Periactin, Vimicon 
Classifications: antihistamine (h1-receptor antagonist); antipruritic;
Therapeutic: antihistamine
; h1-receptor antagonist
Prototype: Diphenhydramine
Pregnancy Category: B


4 mg tablets


Potent piperidine antihistamine with pharmacologic actions that acts by competing with histamine for H1-receptor sites on effector cells, thus preventing histamine-mediated responses.

Therapeutic Effect

Has significant antipruritic, local anesthetic, and antiserotonin activity. Produces mild central depression and moderate anticholinergic effects.


Symptomatic relief of various allergic conditions, including hay fever, vasomotor rhinitis, allergic conjunctivitis, urticaria caused by cold sensitivity, and pruritus of allergic dermatoses. Effective in treatment of anaphylactoid reactions as adjunct to epinephrine and other standard measures after acute symptoms have been controlled.

Unlabeled Uses

Cushing's disease, carcinoid syndrome, vascular headaches, appetite stimulant.


Hypersensitivity to cyproheptadine or other H1-receptor antagonist antihistamines; acute asthma attack; lactation. Safe use in children <2 y not established.

Cautious Use

Older adult and debilitated patients; patients predisposed to urinary retention; glaucoma; asthma; COPD; hyperthyroidism; cardiovascular or hepatic disease, hypertension; GI or GU tract obstruction, children with a family history of SIDS; pregnancy (category B).

Route & Dosage

Adult: PO 4 mg t.i.d. or q.i.d. (4–20 mg/d), max 0.5 mg/kg/d
Geriatric: PO Start with 4 mg b.i.d.
Child: PO 0.25 mg/kg/d in 3–4 divided doses (max: 12 mg/d for 2–6 y, 16 mg/d for 6–12 y)


  • GI adverse effects may be minimized by administering drug with food or milk.
  • Store in tightly covered container at 15°–30° C (59°–86° F) unless otherwise directed.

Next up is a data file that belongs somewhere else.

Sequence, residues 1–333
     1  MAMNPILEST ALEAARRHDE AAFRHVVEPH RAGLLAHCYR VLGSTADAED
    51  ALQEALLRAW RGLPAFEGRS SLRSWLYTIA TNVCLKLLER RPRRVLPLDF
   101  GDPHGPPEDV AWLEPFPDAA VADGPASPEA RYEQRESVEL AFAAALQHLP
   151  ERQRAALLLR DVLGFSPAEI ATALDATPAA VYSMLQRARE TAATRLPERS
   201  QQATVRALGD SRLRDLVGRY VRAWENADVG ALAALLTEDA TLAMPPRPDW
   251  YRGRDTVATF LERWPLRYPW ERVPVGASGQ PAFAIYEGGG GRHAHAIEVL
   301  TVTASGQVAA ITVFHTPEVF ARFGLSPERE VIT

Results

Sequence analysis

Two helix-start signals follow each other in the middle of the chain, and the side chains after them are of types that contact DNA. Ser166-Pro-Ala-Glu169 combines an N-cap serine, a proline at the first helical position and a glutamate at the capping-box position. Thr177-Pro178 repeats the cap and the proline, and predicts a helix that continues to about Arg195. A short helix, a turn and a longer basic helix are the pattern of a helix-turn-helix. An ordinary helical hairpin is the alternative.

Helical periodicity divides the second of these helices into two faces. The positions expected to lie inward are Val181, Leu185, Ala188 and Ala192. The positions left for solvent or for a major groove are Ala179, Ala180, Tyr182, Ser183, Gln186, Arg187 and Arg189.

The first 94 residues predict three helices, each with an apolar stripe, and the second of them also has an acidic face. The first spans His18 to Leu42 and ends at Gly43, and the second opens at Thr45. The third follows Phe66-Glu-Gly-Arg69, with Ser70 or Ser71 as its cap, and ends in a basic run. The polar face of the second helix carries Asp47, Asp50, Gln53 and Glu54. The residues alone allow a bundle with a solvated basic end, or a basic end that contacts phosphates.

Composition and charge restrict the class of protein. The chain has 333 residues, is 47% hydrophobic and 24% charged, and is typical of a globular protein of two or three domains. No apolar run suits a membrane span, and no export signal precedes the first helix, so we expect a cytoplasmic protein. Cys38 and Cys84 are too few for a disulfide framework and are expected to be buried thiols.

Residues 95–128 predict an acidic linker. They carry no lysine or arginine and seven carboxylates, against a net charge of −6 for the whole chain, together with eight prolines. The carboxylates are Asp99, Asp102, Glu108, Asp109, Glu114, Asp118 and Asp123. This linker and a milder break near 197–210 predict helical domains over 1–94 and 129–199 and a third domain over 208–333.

Adverse Effects (≥1%)

GI: Dry mouth, nausea, vomiting, epigastric distress, appetite stimulation, weight gain, transient decrease in fasting blood sugar level, increased serum amylase level, cholestatic jaundice. CNS: Drowsiness, dizziness, faintness, headache, tremulousness, fatigue, disturbed coordination. Respiratory: Thickened bronchial secretions. Skin: Skin rash. Special Senses: Dry nose and throat. Urogenital: Urinary frequency, retention, and difficult urination.

Diagnostic Test Interference

As a general rule, antihistamines are discontinued about 4 d before skin testing procedures are to be performed because they may produce false-negative results.


Drug: Alcohol and cns depressants add to CNS depression; tricyclic antidepressants and other anticholinergics have additive anticholinergic effects; may inhibit pressor effects of epinephrine.


Absorption: Readily absorbed from GI tract. Duration: 6–9 h. Distribution: Distribution into breast milk not known. Metabolism: In liver. Elimination: In urine.

Nursing Implications

Assessment & Drug Effects

  • Monitor level of alertness. In some patients, the sedative effect disappears spontaneously after 3–4 d of drug administration.
  • Since drug may cause dizziness, supervision of ambulation and other safety precautions may be warranted.

Patient & Family Education

  • Avoid activities requiring mental alertness and physical coordination, such as driving a car, until reaction to the drug is known.
  • Drug causes sedation, dizziness, and hypotension in older adults. Report these symptoms. Children are more apt to manifest CNS stimulation (e.g., confusion, agitation, tremors, hallucinations). Reduction in dosage may be indicated.
  • Cyproheptadine may increase and prolong the effects of alcohol, barbiturates, narcotic analgesics, anxiolytics, and other CNS depressants.
  • Monitor weight and keep physician informed of any significant weight gain.
  • Maintain sufficient fluid intake to help to relieve dry mouth and also reduce risk of cholestatic jaundice.

Common adverse effects in italic, life-threatening effects underlined; generic names in bold; classifications in SMALL CAPS; Canadian drug name; Prototype drug

© 2006-2022 Last Updated On: 11/22/2022 (0)
Wait 20 seconds...!!!